5 Tips For Not Scratching That Itch

April 17, 2015 Health

Eczema is a blanket term used to describe a plethora of dry, skin conditions, characterized by irritated skin and inflammation. A common denominator to the eczema equation, is an incessant itch, that begs you to scratch it. Below are seven helpful tips for not scratching that itch:

1. Trim Those Nails 

Keeping your nails short, will help you to not tear your flesh, if you should scratch. While not scratching is the optimal solution, there are times when it will occur. These times can occur unconsciously. For example, during times you are asleep. If you have a child with eczema, keeping nails trimmed and clean is especially important. How many times do you tell your child not to do something, only to witness them ignore that instruction? Exactly! It is very important they don’t scratch, but because they likely will, trim those nails!

2. Take a Bleach Bath 

Sounds crazy, right? Bleach baths have been attributed to relieving the eczema itch factor, as well as drying out infection that can be associated with it. They are acknowledged as an effective  form of treatment by the American Academy of Dermatology (AAD). Of course, do not implement this measure of care without taking the necessary precautions: never pour bleach directly on the skin, measure with precision, pour the bleach into the bath while water is running, and never get into the tub until it is done running.

5 Tips For Not Scratching That Itch

Bleach to Water Ratios

  • For a 1/4 full “normal sized” tub, add 1/8 cup of bleach.
  • For a 1/2 full tub, add 1/4 cup of bleach.
  • For a 3/4 full tub, add 3/8 cup of bleach.

3.  Increase your Omega-3 Intake 

Omega-3 fatty acids contain anti-inflammatory properties. Because eczema is characterized by inflammation, it is believed that a diet that incorporates omega-3’s into it, will experience a benefit with inflammation reduction. There are several foods that contain omega-3’s including: albacore white tuna, mackerel, sardines, avocado, walnuts, salmon and flaxseed. Flaxseed can be taken in oil form or in natural form; however, it is most beneficial when grinded fresh daily. A wonderful place to hide that flaxseed is ground up in some delicious yogurt. The yogurt will give you an added kick of probiotics to boot!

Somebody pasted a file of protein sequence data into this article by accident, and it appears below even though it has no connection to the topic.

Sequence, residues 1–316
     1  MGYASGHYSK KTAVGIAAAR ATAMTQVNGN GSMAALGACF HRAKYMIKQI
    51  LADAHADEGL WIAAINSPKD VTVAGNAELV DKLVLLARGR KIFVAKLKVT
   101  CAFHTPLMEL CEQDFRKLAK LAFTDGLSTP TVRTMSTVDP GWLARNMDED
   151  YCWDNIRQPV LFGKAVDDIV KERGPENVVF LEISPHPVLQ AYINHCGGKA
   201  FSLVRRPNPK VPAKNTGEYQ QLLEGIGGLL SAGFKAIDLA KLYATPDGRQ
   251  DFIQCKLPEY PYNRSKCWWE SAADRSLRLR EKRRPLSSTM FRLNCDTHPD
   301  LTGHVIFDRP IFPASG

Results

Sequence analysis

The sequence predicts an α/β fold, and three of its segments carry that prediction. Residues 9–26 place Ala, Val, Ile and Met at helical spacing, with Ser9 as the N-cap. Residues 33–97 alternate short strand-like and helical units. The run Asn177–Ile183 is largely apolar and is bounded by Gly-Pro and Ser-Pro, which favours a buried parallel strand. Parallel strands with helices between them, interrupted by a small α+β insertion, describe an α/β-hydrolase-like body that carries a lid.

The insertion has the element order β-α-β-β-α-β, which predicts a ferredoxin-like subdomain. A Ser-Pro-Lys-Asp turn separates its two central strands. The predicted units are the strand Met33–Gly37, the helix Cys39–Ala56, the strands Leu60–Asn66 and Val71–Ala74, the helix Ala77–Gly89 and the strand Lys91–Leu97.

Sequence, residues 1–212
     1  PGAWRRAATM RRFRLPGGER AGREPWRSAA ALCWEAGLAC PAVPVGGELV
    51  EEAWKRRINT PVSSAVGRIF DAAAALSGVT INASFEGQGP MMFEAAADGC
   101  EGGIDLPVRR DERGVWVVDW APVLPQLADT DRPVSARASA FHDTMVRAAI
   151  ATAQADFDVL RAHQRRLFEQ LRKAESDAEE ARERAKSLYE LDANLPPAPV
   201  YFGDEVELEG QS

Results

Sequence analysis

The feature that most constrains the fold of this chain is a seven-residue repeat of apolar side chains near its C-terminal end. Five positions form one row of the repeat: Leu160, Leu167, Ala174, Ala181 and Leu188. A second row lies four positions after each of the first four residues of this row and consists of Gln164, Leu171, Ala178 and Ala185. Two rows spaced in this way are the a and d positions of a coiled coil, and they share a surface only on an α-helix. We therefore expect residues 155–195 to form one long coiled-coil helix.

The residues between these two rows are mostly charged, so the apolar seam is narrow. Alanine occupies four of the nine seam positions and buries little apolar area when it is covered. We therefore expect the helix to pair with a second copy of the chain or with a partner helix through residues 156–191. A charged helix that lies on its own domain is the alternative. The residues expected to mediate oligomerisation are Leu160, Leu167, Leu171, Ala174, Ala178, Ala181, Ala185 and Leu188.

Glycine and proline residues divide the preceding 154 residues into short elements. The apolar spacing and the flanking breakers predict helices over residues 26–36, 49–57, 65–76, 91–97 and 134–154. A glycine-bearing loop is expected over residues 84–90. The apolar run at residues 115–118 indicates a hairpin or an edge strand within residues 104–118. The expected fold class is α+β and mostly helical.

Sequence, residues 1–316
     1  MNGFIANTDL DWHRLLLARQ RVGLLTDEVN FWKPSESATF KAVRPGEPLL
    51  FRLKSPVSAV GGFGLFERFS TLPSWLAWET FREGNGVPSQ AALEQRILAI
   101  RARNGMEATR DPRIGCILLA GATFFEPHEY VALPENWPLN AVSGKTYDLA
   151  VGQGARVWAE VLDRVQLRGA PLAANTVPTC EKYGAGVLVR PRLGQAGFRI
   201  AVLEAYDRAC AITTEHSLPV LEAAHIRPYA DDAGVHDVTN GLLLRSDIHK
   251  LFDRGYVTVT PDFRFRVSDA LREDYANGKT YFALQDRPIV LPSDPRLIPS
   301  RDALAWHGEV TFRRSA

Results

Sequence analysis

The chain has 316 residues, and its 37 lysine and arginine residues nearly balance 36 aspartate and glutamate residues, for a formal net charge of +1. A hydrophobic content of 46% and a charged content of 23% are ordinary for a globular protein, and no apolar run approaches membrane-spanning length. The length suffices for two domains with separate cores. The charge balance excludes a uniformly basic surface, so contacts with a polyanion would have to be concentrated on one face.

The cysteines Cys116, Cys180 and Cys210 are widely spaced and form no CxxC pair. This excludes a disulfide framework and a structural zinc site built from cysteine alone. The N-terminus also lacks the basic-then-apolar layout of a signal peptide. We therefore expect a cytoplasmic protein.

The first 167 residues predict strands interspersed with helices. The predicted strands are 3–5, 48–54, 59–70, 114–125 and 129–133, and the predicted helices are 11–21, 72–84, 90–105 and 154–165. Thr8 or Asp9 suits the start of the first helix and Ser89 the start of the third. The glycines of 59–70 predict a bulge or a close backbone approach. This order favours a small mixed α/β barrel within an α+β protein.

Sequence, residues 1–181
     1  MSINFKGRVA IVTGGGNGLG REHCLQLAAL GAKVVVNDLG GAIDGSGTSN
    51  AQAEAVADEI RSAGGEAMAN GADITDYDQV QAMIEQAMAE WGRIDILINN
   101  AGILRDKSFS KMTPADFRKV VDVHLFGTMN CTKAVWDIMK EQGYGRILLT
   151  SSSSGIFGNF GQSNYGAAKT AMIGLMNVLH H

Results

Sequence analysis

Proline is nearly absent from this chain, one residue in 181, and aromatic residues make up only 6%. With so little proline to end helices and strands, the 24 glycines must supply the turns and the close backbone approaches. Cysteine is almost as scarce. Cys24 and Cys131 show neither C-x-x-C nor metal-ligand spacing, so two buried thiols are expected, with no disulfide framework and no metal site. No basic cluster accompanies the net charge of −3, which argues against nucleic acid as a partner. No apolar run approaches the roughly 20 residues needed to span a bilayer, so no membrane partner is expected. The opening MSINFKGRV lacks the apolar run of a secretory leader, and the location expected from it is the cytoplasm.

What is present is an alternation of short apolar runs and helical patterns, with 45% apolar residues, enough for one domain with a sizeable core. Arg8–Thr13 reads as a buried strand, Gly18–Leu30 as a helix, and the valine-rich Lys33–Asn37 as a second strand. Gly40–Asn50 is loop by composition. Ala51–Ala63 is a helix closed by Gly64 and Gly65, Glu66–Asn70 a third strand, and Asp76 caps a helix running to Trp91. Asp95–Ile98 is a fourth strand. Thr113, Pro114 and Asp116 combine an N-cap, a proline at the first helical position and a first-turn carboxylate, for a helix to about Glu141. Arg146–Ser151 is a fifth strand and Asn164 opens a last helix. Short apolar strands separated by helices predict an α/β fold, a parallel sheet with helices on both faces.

4. Cool the Affected Area 

Use cold compresses to numb the affected area. You can use an ice pack, as well. However, do not apply ice directly to the skin, as it can result in freezer burn. Wrap it in a thin washcloth or hand towel to prevent this. Leave the compress on the affected area for 15-20 minutes. Once the area is numb, the itch will subside.

5.  Moisturize Your Skin 

Lastly, moisturizing is critical for combating that unwanted itch. The dryer or more infected the skin, the worse it will itch.  The best skin care products for proper moisturizing, will contain ceramides. Ceramides are an essential skin lipid that makes up around 47% of the epidermis (top layer of skin). They are lost due to environmental factors, aging and skin damage. It is important to replenish them. While most products will encourage you to moisturize, twice daily, I encourage a four times per day regimen. Especially, while skin is actively dry, itchy or irritated with eczema flare ups.

Dr. Cheryl Lee Eberting is a board certified dermatologist who has dedicated her career to research and treatment of skin ailments. She blogs regularly at cherylleemd.com